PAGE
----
- Picadillo (you can find the recipe here) The picadillo is the filling for the Papas Rellenas.
- 2 eggs, beaten with 1 Tbsp. Water
- 2 cups breadcrumbs
- Oil for frying
- Boil potatoes until they are fully cooked More...
A delightful Cuban recipe you will enjoy. The Shrimp in Cilantro Cream Sauce will delight the most discerning palates, served over white rice with a fresh salad, and we recommend a good Pinot Grigio to go along.
Nina's Gourmet takes pride in bringing you new dishes and encourage you to submit your ideas.
By mid-summer, drinking rosé day and night can tire even the most seasoned wine drinker. The obvious alternative is a dry and crisp white wine, but you’re truly missing out if you ignore light, chilled reds as your summer companion for barbecues and patio hangouts.
An entire genre of young and refreshing red wines, largely coming from northern appellations in France, are an excellent answer to hot-weather drinking. In particular, certain French varieties like Gamay, Pineau d’Aunis, and Grolleau form the basis of these low-alcohol, high-acid, earthy red wines, which will quench your thirst without weighing you down. We’re talking about what the French call glou-glou or vin de soif—literally, wine for thirst. And they are best served with a chill.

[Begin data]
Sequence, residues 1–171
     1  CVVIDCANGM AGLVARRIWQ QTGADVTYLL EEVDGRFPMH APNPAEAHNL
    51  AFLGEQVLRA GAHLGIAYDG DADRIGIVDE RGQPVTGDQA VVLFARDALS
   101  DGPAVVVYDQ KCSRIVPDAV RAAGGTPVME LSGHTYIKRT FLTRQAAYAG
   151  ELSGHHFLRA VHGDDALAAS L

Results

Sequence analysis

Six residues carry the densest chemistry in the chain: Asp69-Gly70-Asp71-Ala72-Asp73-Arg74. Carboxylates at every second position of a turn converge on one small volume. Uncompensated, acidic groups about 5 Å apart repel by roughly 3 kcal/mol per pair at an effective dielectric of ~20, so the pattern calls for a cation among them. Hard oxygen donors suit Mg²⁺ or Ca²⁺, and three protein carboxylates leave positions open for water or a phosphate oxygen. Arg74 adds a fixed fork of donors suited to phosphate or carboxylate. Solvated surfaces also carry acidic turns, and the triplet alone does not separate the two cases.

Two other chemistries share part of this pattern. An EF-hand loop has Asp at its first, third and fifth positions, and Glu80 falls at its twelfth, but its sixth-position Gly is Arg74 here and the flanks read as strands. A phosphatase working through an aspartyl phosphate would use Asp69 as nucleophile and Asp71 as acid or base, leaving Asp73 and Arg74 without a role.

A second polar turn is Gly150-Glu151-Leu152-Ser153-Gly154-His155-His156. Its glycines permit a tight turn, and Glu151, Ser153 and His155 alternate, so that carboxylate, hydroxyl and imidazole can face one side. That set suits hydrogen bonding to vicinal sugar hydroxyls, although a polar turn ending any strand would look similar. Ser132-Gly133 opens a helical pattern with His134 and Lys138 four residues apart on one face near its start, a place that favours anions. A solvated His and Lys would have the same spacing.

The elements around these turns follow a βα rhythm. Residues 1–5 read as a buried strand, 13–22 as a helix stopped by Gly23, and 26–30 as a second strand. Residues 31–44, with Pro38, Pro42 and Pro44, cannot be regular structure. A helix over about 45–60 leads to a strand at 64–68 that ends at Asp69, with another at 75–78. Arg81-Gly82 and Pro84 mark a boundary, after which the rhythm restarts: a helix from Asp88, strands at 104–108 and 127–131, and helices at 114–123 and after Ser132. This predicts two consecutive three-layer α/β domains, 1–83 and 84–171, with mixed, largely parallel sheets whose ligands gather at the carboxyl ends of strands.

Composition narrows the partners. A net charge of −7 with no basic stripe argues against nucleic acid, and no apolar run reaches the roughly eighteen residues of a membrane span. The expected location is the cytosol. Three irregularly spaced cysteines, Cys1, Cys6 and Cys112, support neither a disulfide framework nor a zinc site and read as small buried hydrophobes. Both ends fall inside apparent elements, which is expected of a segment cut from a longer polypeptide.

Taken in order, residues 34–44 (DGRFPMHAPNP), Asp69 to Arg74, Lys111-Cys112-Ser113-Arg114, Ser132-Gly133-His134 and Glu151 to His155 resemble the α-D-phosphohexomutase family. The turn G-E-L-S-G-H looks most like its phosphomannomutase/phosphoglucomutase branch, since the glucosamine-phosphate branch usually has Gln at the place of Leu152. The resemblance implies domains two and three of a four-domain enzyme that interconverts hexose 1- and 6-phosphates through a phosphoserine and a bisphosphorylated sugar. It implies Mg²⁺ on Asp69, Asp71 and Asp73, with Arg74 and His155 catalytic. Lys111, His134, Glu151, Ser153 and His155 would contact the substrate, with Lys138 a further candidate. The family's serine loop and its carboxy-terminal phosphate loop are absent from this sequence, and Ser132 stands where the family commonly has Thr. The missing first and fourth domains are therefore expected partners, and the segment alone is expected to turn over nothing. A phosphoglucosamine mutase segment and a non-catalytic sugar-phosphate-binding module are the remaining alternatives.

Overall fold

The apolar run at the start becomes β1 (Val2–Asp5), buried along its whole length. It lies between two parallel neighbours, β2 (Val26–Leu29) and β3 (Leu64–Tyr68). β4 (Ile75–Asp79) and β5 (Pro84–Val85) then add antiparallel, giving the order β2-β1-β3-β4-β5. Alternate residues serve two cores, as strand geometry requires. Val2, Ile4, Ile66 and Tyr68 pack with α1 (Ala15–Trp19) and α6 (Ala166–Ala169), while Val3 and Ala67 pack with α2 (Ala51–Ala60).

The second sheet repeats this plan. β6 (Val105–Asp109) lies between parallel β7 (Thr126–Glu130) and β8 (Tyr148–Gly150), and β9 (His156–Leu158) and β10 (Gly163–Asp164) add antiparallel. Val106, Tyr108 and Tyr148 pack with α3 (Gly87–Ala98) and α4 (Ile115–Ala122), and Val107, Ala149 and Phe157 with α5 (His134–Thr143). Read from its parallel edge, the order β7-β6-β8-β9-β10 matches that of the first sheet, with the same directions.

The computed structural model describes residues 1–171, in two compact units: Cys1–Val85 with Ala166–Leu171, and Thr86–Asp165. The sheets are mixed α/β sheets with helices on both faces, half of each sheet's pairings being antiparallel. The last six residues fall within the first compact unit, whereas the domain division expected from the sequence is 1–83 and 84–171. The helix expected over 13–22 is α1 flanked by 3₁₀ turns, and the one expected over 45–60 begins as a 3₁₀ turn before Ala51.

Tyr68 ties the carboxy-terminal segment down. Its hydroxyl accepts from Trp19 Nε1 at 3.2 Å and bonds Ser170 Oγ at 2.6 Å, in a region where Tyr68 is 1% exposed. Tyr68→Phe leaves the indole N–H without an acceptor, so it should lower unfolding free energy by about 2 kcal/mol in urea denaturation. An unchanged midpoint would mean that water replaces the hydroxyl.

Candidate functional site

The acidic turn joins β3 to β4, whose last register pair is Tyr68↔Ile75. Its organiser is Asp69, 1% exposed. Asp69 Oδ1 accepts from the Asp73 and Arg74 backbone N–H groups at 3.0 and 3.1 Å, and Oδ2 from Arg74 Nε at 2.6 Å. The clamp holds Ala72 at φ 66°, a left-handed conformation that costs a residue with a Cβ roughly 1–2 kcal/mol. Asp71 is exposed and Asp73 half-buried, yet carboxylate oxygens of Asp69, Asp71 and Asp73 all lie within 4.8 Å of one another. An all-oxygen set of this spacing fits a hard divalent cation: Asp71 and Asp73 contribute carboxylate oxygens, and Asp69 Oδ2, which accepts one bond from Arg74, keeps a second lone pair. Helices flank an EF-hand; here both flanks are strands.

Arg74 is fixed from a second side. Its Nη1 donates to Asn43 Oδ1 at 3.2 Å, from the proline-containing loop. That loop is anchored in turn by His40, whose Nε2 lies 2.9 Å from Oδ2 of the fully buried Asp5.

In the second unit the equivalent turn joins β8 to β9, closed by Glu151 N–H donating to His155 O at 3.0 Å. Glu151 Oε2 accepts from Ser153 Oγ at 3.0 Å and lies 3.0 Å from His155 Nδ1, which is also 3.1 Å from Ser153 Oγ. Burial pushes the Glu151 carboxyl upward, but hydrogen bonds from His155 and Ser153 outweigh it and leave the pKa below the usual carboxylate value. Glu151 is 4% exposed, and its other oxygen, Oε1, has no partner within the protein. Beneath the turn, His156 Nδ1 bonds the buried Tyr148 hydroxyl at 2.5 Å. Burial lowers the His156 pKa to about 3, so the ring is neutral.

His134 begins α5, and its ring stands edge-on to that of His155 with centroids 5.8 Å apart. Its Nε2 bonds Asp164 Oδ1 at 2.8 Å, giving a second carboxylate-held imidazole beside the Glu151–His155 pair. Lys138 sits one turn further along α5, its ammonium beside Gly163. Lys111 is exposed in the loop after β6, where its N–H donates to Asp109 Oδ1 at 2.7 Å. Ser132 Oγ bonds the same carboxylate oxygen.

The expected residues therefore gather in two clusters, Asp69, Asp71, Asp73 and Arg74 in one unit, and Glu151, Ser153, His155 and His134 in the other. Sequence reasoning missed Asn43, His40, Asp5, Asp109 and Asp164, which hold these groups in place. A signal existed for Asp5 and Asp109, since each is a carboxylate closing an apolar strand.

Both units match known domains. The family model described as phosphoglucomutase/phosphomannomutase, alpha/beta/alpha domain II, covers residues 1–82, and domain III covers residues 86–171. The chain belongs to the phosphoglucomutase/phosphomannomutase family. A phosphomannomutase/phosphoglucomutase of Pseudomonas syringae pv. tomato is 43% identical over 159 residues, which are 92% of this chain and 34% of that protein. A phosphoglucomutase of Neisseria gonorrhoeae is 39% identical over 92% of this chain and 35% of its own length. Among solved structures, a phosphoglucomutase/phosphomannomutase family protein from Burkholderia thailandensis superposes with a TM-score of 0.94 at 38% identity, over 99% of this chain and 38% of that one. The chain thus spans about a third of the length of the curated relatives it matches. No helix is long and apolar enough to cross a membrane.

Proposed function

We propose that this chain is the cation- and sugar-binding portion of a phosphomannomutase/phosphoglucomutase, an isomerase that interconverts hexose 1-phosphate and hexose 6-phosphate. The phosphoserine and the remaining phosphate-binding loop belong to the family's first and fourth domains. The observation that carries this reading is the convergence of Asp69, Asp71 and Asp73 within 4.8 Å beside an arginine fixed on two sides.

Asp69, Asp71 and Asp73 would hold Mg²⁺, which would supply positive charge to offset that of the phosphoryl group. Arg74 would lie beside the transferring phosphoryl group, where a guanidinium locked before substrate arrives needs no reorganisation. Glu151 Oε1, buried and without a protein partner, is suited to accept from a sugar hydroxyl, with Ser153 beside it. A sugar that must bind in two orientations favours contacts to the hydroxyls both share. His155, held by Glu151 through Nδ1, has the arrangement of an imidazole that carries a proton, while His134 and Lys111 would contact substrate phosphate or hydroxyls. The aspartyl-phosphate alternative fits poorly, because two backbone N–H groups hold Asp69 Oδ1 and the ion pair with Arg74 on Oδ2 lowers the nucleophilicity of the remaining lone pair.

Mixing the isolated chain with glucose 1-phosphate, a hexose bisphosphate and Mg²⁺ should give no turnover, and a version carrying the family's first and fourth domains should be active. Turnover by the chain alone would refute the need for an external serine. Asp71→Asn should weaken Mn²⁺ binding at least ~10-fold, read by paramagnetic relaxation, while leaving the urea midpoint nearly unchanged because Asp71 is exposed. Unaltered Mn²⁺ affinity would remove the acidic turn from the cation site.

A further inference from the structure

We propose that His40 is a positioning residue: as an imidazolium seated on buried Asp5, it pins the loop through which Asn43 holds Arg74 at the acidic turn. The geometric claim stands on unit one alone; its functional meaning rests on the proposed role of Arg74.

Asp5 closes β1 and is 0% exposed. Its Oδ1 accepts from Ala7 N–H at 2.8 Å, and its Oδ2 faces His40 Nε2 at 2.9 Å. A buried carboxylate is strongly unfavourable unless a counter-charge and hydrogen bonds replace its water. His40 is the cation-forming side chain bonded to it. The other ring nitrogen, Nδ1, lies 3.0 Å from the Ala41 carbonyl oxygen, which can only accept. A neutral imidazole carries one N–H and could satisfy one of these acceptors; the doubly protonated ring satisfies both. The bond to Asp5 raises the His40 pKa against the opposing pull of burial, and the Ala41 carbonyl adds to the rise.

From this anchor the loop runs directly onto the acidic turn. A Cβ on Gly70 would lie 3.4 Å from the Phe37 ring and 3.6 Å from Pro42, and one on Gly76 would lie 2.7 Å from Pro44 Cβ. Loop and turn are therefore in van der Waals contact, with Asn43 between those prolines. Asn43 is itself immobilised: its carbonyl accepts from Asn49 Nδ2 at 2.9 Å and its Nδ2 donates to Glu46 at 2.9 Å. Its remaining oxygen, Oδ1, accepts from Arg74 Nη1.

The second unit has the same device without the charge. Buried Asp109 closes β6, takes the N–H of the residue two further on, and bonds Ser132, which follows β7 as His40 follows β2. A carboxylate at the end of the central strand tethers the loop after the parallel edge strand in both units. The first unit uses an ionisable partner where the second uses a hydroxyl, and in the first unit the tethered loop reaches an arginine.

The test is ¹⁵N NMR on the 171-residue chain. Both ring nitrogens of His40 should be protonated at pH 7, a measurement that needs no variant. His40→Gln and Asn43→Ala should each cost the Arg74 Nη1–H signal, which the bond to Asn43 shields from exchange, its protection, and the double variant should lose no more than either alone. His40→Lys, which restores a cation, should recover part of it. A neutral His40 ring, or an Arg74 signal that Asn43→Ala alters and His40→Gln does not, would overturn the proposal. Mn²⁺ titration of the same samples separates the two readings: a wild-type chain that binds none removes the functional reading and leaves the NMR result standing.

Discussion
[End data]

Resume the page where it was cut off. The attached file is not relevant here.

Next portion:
Jason Wagner, wine director and partner at the Lower Manhattan restaurant Fung Tu, features several light reds at the restaurant, which serves rich and spicy Chinese cuisine. More...
In a gallon-sized resealable plastic bag, combine 1 cup orange juice, 1/2 cup lime juice, and vinegar. Add pork and let it sit and marinate for about 1 hour in refrigerator.
In a small mixing bowl, combine all dried spices. Pat the pork chops dry with a paper towel and rub with the dry spice mixture.
Heat oil in a large saute pan over high heat. Place the pork chops in the pan and sear on 1 side until brown. Flip over and turn the heat down to medium-low. Add onion and saute for 2 minutes. Then add the garlic and continue to cook until garlic begins to brown. Pour in the remaining 1/4 cup orange juice, 1/4 cup lime juice, and white wine. Simmer until the liquid is slightly reduced and begins to thicken. The chops should be cooked through.
Remove the chops from pan and put on a warm plate. Continue to reduce juices in pan by half. Pour over the chops and serve immediately.
Garnish with watercress, tomatoes and avocado. More...